‘This is first step towards justice’
5 years on, Ishrat’s family feels vindicated after judicial probe reveals Mumbra teen was killed in fake encounter by Gujarat police. Susamma Kurian reports.india Updated: Sep 08, 2009 02:37 IST
Who was Ishrat?
Ishrat Jahan was a 19-year-old second-year Science student of Guru Nanak Khalsa College at King’s Circle. She was the second of seven
The family, who live in Rashid Compound in the Muslim-dominated Mumbra area in Thane
district, are originally from Bihar.
Ishrat, who lost her father two years before the encounter, gave tuitions and did embroidery work to support the family.
Ishrat Jahan, Javed Ghulam Sheikh alias Pranesh Kumar Pillai, Amjad Ali alias Rajkumar Akbar Ali Rana and Jisan Johar Abdul Gani were gunned down by the Ahmedabad police on the
outskirts of that city, on June 15, 2004.
The Gujarat police had claimed that the four were linked to terrorist organisation Lashkar-e-Tayyeba and were planning to kill Chief Minister Narendra Modi.
The police team was led by then Deputy Commissioner of Police D.G. Vanzara, who is currently in jail in the Sohrabuddin Sheikh fake encounter case.
Though Ishrat’s family insisted that she was innocent, the police alleged that she knew Javed. Ishrat had left her house on June 12, three days before she was killed.
The case stirred up a hornet’s nest as politicians and the Maharashtra State Minorities Commission demanding an inquiry into the incident.
The Maharashtra police could not find anything that could implicate Ishrat.
The Gujarat High Court formed a Special Investigation Team to probe the case. In August, the Gujarat High Court ordered a three-member committee of top police officers, led by state Additional Director General of Police Pramod Kumar, to investigate the encounter following a petition filed by Ishrat’s mother, Shamima.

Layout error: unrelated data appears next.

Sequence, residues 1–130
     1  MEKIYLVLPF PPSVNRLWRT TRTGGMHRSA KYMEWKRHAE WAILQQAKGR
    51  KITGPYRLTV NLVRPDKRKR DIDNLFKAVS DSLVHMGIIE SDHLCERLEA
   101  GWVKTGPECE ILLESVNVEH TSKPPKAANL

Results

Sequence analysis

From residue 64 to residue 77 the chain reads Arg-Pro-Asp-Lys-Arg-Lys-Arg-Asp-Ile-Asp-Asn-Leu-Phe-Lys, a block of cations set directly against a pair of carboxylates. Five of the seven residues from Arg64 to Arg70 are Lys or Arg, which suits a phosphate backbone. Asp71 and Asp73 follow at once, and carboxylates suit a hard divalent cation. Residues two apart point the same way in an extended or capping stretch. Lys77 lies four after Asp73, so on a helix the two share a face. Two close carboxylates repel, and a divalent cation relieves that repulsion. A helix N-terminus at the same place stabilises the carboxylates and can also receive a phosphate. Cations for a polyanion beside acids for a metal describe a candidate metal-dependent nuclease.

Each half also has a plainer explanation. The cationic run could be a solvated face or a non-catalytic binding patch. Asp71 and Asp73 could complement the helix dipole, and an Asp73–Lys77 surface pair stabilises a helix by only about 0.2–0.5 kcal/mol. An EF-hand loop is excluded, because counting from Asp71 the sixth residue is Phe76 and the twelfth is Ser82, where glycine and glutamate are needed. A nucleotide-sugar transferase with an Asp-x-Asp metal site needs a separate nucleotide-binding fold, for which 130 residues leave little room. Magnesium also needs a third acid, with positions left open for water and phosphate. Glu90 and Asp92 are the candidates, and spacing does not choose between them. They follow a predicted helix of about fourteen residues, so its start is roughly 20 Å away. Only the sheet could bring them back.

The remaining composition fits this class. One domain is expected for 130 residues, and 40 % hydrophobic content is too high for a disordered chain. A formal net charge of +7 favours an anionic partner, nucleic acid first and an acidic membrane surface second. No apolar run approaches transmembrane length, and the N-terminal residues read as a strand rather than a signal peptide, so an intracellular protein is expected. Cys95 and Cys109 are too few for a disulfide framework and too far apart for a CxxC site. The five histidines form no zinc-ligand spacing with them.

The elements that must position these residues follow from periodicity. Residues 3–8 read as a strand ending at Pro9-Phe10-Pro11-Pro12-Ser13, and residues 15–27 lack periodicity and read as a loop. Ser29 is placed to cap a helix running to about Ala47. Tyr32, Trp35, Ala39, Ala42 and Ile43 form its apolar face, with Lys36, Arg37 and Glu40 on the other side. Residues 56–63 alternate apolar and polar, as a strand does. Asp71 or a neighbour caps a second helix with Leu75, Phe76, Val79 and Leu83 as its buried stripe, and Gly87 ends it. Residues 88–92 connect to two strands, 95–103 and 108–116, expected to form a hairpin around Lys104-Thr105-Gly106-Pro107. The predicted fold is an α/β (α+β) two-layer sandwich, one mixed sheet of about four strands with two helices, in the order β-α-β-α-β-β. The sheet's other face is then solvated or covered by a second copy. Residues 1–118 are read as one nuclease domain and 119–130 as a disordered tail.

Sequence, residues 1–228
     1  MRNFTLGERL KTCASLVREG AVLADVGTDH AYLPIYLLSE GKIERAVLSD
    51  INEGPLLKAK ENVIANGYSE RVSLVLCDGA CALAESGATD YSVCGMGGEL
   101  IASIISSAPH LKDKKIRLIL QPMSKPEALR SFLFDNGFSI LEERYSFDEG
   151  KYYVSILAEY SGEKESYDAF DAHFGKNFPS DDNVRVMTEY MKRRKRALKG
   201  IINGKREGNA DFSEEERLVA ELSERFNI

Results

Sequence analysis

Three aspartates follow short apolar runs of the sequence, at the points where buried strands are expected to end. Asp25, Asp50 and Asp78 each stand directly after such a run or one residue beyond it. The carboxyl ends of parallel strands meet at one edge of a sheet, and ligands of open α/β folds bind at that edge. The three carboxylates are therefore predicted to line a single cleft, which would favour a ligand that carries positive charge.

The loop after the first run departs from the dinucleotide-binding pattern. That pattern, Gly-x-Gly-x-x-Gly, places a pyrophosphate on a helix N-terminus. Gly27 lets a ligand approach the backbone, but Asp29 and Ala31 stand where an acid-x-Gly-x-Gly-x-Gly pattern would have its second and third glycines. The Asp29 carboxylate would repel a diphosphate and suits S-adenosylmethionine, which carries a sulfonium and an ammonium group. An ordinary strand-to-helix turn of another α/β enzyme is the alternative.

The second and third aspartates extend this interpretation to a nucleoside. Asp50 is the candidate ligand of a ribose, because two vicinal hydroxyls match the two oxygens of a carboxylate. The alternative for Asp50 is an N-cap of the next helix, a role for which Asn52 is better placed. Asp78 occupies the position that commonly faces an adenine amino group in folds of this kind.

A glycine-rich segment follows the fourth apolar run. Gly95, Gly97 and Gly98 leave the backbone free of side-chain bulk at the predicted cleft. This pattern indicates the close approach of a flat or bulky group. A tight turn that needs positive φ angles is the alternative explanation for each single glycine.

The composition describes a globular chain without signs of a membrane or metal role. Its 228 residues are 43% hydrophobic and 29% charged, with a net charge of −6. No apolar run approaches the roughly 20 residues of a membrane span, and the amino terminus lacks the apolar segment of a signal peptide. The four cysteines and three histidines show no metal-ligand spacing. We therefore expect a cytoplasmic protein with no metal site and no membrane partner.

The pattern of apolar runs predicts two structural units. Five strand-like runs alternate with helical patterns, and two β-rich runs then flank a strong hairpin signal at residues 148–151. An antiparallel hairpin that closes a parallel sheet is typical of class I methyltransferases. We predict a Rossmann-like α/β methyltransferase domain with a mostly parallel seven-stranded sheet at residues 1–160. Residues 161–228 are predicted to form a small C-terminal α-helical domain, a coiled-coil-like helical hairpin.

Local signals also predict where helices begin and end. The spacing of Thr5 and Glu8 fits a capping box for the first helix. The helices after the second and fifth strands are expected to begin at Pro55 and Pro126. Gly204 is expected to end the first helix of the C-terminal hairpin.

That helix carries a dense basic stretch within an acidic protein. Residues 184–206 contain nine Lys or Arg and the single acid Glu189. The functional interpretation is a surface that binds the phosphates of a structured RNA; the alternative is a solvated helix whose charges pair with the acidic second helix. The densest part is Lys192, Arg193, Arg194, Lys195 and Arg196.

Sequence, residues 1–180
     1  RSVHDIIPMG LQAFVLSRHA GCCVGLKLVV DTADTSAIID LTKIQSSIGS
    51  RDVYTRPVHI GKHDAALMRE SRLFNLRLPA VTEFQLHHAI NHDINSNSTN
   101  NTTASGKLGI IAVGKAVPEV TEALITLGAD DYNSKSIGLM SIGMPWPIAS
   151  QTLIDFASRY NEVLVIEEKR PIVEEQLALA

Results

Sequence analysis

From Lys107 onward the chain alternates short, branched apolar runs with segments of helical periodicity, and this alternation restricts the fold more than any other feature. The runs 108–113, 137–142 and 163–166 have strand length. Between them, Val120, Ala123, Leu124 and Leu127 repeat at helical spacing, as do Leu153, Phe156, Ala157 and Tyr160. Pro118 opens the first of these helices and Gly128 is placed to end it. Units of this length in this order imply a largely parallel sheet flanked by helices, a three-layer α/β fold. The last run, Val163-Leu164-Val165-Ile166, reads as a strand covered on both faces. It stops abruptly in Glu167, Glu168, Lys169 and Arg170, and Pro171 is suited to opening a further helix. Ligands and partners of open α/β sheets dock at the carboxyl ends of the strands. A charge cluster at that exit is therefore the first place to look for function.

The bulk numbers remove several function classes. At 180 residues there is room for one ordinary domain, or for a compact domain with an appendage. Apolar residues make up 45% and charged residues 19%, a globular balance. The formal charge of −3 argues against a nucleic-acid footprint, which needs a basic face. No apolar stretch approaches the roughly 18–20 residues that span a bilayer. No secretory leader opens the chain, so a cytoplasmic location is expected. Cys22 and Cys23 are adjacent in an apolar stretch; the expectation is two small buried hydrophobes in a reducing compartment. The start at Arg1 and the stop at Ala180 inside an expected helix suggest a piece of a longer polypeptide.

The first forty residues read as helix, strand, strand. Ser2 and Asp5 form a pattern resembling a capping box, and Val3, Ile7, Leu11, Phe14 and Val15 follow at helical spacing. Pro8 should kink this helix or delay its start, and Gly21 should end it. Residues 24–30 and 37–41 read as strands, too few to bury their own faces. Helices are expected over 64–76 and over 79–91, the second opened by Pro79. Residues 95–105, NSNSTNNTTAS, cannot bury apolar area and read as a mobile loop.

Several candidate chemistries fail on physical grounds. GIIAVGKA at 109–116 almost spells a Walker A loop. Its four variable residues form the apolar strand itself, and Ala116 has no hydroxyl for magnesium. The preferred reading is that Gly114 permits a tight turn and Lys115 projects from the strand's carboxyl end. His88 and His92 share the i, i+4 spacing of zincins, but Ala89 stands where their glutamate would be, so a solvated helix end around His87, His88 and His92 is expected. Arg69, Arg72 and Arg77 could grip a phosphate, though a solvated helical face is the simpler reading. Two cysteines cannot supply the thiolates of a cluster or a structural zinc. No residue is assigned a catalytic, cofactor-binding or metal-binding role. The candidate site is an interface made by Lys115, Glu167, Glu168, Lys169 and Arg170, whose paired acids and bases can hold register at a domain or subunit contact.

“We are very happy that finally Ishrat’s innocence has been proved. This is the first step towards justice. We have been saying that it was a fake encounter and that Ishrat was murdered,” said her sister Mus-arrat Jahan (22), who works as a receptionist at a hotel.
Ishrat, Ghulam Sheikh alias Pranesh Kumar Pillai, Amjad Ali alias Rajkumar Akbar Ali Rana, and Jisan Johar Abdul Gani were gunned down by the Ahmedabad police on the outskirts of that city on June 15, 2004. The police had claimed the four were Lashkar-e-Tayyeba terrorists out to kill Chief Minister Narendra Modi.
The police team was led by Deputy Commissioner of Police DG Vanzara, who is currently in jail in the Sohrabuddin Sheikh fake encounter case.
Ishrat’s mother Shamima Kausar (45) said: “ We want justice. We want to remove the stain of my daughter being branded a terrorist. We had to suffer a lot these five years. I’ll keep fighting till we get justice. It was a double tragedy as I had lost my daughter and she was branded a terrorist.”
Shamima said she first heard of Ishrat’s death when a TV channel announced on June 15, 2004, that she had died in an encounter. “ I did not even know what an encounter was then.”
The last time Shamima saw her 19-year-old daughter, a second-year Science student of Guru Nanak Khalsa College, was when she left home on June 11, 2004, saying she was going to Nashik for a job.
Ishrat called later in the day to say she had reached Nashik and that she would call later.
In the five years since her death, the family that lives in Rashid Compound in the Muslim-dominated Mumbra area, has struggled to survive.
Shamima said the allegation against Ishrat meant her siblings found it difficult to get jobs. The family’s eldest daughter Zeenat Jahan (25) does not work and is not married.
Ishrat’s brother Anwar Iqbal (21) teaches at a computer coaching centre in Mumbra. He said he could not get jobs outside the locality. “I want all those responsible for her death to be punished,” he said.
The three youngest children of the family are still students. Nuzhat (19) is in first-year of college while Nusrat (17) attends junior college. The baby of the family, Amanullah (13), does not attend school but plans to appear for the exams privately.
On Monday, they were all at home facing TV cameras and offering sweets to wellwishers.